Republicans as a group are generally rooting for the Supreme Court to knock down a key part of Obamacare this summer. But they're still divided as to what should happen next.
If the Court rules as Republicans hope it will in King v. Burwell, financial assistance will be invalidated in more than 30 states that have federal exchanges. And although several Republican proposals have already been put forth to deal with the chaos that would ensue following an immediate subsidy removal, the party is split over whether or not it should use budget reconciliation to ensure one of them ends up on the president's desk.
The reconciliation process requires only 51 senators to put a bill before the president, as opposed to the normal 60. But, prior to the post-King proposals, many Republicans called for it to be used for a full Obamacare repeal, and the Republican budget agreement uses language ambiguous enough to leave reconciliation's specific use up in the air.
"I think we all know President Obama is not going to sign a law that repeals his signature proposal in his law," Sen. John Barrasso told National Journal. "So the only way, I think, to actually repeal the health care law is with a Republican president after the 2016 election.
"But what I want to do is put something on the president's desk that hopefully he would sign, which would be to continue helping the people that have been harmed by his actions, and at the same time, giving them freedom from the significant mandates and the expense of his law," added Barrasso, a sponsor of a post-King proposal that would give financial assistance to those impacted for a transitional period and allow states to create their own competitive health-insurance markets.
If the Court deems subsidies on federal exchanges illegal, he said, "we want to protect those people, but not protect the law."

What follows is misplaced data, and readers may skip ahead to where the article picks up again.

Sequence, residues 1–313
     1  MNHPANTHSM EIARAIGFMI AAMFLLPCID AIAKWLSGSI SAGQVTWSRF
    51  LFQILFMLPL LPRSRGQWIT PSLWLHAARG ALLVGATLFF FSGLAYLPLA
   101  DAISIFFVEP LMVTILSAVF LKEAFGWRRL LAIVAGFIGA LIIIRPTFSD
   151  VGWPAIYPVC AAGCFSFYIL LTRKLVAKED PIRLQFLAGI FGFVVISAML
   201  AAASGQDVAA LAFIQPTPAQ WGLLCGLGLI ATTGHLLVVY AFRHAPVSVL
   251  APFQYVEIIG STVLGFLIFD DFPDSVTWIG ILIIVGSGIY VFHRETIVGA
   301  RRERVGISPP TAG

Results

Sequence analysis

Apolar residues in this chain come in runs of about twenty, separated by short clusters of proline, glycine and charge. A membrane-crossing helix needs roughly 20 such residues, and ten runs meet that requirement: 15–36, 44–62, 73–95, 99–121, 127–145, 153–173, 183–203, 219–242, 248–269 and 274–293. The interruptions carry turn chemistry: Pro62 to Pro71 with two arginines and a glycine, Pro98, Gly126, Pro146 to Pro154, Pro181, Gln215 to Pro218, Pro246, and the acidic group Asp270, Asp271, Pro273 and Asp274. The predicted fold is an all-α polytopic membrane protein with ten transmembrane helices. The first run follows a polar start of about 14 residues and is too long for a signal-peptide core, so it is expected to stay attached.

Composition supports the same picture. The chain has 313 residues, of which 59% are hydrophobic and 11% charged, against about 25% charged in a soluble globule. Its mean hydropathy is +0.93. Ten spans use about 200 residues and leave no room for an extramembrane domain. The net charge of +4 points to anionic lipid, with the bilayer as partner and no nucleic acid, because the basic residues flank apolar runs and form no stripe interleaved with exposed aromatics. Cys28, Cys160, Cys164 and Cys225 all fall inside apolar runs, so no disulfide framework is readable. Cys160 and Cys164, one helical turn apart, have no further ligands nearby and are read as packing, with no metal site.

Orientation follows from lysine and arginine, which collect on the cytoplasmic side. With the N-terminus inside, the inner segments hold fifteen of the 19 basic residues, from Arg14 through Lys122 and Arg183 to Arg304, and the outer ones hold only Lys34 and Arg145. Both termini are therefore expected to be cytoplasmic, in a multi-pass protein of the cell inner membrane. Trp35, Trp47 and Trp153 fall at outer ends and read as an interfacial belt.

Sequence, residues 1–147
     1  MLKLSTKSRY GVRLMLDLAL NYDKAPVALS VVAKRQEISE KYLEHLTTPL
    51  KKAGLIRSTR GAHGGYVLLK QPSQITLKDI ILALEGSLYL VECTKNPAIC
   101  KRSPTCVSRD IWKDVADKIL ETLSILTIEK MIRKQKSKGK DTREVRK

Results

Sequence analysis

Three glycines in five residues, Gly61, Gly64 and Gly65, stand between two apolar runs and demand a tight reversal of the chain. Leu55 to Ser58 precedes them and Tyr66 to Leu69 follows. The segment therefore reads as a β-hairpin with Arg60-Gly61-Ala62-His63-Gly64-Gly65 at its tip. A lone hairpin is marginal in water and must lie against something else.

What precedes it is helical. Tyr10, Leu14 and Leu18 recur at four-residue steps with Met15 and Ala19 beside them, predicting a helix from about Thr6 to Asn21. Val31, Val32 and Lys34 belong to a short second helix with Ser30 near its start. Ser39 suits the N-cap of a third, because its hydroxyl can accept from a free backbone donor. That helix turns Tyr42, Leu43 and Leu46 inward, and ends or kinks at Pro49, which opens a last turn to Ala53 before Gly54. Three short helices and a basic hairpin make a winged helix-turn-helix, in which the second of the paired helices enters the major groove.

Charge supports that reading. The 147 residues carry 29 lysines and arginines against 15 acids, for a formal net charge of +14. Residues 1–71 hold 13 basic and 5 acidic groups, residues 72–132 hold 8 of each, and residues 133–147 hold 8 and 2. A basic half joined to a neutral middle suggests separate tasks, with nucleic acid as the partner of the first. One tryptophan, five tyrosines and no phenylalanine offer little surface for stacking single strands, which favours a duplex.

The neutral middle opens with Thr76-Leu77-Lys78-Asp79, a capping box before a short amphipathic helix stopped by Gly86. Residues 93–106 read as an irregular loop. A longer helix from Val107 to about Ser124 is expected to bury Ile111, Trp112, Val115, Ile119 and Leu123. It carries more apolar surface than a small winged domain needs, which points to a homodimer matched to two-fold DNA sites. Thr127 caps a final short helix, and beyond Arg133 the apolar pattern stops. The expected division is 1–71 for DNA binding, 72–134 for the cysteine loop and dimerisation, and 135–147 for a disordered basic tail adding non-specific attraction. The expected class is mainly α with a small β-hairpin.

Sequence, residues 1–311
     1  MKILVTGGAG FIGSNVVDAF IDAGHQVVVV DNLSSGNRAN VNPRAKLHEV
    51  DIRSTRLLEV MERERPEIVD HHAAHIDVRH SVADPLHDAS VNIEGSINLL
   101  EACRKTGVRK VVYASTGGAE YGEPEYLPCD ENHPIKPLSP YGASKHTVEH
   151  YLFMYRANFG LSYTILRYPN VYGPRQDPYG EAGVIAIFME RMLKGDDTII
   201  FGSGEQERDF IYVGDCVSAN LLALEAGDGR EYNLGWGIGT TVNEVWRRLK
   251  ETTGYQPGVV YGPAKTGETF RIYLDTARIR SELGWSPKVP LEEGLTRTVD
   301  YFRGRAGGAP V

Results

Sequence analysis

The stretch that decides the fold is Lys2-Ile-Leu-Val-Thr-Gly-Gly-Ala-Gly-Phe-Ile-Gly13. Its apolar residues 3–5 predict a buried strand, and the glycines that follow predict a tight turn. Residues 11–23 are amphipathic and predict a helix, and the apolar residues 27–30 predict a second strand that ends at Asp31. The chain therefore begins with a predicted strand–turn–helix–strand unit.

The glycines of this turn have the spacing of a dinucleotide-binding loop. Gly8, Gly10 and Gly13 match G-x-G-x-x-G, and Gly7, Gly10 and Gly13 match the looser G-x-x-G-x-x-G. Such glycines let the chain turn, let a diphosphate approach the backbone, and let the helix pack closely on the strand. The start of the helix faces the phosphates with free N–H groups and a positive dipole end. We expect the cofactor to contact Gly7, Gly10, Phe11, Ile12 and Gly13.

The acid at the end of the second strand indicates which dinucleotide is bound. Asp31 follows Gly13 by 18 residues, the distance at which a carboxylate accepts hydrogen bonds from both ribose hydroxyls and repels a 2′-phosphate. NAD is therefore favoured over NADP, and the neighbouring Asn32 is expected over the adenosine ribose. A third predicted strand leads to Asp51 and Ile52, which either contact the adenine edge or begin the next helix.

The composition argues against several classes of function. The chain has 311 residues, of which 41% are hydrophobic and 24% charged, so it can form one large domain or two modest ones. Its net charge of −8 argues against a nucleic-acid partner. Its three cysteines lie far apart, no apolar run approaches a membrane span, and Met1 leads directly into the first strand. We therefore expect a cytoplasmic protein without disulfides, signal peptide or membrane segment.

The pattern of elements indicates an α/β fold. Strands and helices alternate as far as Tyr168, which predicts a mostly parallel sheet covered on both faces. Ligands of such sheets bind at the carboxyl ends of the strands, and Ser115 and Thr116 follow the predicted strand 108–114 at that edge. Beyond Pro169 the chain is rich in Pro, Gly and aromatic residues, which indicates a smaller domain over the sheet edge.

Sen. Ron Johnson, the sponsor of a separate proposal, told National Journal that although he would support using reconciliation to pass a post-King Obamacare fix in the Senate, he doesn't think it will be necessary.
"I've tried to put forward a proposal that I think is so reasonable—and would have the support of the American public—that we would get more than 51 votes in the Senate," the Wisconsin Republican said.
That doesn't mean Johnson has given up on the idea of repeal; rather, he's waiting for 2016.
Although his legislation—which has 31 cosponsors, including Senate Majority Leader Mitch McConnell, and Sens. Barrasso, Lindsey Graham, and Orrin Hatch—would extend Obamacare subsidies, it also would spur a transition away from the law by repealing its individual and employer mandates.
"I would like to see the entirety of Obamacare repealed today, but I realize that's not politically practical," Johnson said. "And so by saying OK, if you like your health care plan you can keep it, even the subsidies, for basically two years—a little bit more, until the end of August 2017, allowing a new president and a new Congress the ability to actually repeal and replace, a full replacement—this is just a transition piece."
But it is unlikely Obama would sign a bill put on his desk through reconciliation and without Democratic support, even if it repairs the damage caused by a King win at the Supreme Court.
Although Dan Holler of Heritage Action, too, is looking towards 2016, he views the election as more reason to put a repeal in front of the president, even if he won't sign it.
That's because it would allow 2016 GOP contenders to say they would have signed the bill, shows a Republican-controlled Congress will send a repeal bill to the president in 2016, and forces an Obamacare repeal to be taken seriously.
"If you go through this process, everybody ... is going to say, 'Well, coming 2017 we may have a reality we're going to have to prepare for,'" Holler said.
"I think, by and large, conservatives ... are firmly in the camp of using reconciliation to put a repeal bill on the president's desk," he said. "The idea of using reconciliation to repeal Obamacare isn't this fringe conservative idea. Pretty much the entire Republican Party was on board in July 2012."
Plus, after all, reconciliation is "a partisan tool," Holler said. "This is not some bipartisan kumbaya thing."
Caitlin Owens is a health care reporter at National Journal. Her work has previously appeared in the Los Angeles Times, The News & Observer and The Charlotte Observer. She is a graduate of the University of North Carolina at Chapel Hill.